New FMLA Regs on Tap? Oh, and NEW Forms Are Here

Darrell VanDeusen
Darrell VanDeusen

The U.S. Department of Labor published a request for information on July 16, 2020, seeking comments on possible revisions to the DOL’s FMLA regulations.   If you are an employer interested in submitting comments to the DOL, we can help you do that.  Just let us know.  Submissions are due on or before September 15, 2020.

The notice states that “the Department seeks input from employers and employees on the current FMLA regulations, specifically:

  • What would employees like to see changed in the FMLA regulations to better effectuate the rights and obligations under the FMLA?
  • What would employers like to see changed in the FMLA regulations to better effectuate the rights and obligations under the FMLA?”

So that’s helpful.   Boring a bit deeper, DOL wants comments addressing challenges posed by (1) the current regulatory definition of a “serious health condition;”   (2) workers taking intermittent leave; (3) the FMLA’s notice rules; and (4) the medical certification process.

Although framed as a worthwhile endeavor given the COVID-19 pandemic, the questions look alot like there is a longer term plan for review and revision of the regulations.  In fact, the idea has been in the White House pipeline for about one year. 

For those of you who may not be familiar with the FMLA’s regulatory history, here’s a quick review.  The FMLA was the first bill signed into law when President Clinton took office in 1993.  The DOL’s FMLA regulations came under attack almost immediately after they were first promulgated in 1995, with claims that the Clinton DOL far exceeded Congressional intent with its interpretation of many parts of the Act. The Supreme Court, in Ragsdale v. Wolverine Worldwide, Inc., 535 U.S. 81 (2002) rejected one of the regulations. Changes were made to the FMLA regulations at the end of the Bush administration in 2009, with additional fine tuning by the Obama administration’s DOL in 2013.  A change to the definition of spouse was made in 2015.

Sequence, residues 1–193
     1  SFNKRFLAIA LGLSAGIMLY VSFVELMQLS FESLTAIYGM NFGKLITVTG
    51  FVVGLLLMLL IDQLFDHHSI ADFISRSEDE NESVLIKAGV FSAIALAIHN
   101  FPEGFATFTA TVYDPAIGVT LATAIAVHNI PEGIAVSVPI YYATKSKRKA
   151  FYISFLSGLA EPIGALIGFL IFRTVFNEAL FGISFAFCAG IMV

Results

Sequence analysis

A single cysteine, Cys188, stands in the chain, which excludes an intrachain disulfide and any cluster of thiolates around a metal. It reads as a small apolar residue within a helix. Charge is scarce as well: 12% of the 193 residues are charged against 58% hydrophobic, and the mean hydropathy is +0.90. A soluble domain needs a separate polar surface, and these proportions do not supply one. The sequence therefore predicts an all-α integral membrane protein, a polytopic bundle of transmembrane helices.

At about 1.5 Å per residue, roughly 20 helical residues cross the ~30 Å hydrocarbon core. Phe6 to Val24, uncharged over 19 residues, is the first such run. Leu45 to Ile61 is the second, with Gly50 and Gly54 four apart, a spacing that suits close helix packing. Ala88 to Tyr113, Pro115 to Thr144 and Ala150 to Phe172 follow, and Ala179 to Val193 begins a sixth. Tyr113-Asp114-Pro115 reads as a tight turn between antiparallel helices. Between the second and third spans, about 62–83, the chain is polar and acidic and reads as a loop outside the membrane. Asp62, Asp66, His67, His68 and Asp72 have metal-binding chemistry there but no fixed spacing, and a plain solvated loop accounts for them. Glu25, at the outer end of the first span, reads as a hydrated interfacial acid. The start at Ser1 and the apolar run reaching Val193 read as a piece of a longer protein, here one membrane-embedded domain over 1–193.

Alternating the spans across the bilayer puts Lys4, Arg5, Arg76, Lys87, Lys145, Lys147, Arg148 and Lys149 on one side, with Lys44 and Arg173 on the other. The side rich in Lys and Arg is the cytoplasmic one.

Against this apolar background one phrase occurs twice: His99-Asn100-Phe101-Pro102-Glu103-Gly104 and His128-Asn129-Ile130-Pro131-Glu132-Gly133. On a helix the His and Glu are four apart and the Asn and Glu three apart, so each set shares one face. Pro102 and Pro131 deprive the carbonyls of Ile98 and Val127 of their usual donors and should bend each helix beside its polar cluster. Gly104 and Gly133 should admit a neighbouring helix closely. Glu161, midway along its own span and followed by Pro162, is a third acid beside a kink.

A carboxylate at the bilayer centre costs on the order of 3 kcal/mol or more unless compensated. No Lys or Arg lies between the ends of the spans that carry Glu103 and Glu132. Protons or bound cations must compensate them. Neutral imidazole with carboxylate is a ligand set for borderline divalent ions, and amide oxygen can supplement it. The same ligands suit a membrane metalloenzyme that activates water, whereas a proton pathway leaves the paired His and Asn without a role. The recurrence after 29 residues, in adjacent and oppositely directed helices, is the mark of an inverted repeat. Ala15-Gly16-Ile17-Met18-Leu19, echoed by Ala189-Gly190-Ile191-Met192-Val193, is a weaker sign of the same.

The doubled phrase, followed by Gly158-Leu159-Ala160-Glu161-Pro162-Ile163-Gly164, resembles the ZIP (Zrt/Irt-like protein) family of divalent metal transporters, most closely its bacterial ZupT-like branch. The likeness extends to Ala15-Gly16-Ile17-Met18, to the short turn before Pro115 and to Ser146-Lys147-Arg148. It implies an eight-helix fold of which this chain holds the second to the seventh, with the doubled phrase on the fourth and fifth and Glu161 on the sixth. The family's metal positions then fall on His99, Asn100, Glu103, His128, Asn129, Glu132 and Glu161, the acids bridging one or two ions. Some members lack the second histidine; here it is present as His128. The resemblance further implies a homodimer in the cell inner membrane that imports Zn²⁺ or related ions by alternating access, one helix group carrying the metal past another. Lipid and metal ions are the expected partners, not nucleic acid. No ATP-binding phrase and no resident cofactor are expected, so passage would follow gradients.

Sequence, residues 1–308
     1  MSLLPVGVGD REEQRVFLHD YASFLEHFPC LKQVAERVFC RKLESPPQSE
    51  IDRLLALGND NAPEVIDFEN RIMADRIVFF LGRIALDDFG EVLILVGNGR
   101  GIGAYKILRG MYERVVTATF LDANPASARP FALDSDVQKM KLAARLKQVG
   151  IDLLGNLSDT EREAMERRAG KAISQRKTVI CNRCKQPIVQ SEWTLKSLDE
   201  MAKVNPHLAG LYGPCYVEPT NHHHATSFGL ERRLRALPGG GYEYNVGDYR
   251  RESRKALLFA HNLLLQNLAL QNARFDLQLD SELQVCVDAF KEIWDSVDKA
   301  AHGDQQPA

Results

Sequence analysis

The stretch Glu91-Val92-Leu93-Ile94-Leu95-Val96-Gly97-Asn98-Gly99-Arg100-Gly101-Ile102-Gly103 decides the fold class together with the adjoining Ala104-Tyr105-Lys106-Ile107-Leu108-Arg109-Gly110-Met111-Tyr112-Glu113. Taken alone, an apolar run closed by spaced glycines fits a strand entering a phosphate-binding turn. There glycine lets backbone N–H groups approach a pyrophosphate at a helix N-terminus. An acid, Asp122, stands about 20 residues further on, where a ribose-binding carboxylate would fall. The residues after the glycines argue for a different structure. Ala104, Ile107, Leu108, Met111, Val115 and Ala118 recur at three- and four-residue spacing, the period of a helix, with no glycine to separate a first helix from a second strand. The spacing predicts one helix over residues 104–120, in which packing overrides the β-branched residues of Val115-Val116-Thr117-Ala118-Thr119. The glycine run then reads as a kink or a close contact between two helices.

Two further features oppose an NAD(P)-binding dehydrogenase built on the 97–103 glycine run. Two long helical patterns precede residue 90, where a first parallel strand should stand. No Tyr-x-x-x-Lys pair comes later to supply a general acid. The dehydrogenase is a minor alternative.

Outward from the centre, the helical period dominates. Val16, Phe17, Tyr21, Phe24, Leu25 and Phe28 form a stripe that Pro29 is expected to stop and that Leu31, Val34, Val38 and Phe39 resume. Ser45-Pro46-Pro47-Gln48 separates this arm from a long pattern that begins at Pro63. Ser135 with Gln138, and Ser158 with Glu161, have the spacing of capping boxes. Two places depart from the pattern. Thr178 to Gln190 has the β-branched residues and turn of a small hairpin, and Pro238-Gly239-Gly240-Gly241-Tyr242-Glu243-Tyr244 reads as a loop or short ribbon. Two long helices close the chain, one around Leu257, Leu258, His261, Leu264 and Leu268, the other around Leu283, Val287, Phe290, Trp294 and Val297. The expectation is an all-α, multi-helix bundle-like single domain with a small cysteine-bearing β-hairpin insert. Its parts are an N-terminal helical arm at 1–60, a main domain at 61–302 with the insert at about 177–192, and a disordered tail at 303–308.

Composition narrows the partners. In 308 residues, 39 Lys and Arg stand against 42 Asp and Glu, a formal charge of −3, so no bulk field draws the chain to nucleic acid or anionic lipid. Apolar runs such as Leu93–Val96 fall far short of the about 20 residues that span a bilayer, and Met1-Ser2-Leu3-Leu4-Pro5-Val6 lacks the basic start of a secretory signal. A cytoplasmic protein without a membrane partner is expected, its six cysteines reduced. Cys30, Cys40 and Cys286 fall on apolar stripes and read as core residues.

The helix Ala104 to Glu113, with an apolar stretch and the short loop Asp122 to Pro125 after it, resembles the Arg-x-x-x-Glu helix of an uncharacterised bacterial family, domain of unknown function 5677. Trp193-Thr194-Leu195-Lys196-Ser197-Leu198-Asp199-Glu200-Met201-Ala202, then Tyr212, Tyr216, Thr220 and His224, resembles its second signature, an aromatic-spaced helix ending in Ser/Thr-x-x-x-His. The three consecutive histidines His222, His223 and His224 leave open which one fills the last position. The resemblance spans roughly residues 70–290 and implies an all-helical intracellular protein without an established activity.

At first, Wage and Hour Opinion Letters helped explain DOL views.  But the Obama administration stopped those, and moved to Administrator Interpretations on broader issues that were not inspired by public requests.  With the return to Wage and Hour Opinion Letters at the beginning of the Trump administration, DOL has also issued six FMLA related letters since 2018.    

Finally, DOL announced in its request for comment new “streamlined forms” that it says will simplify the process for employees to request FMLA absences and for employers to coordinate their leave.  Employers should start using those forms immediately.  They can be found here.     

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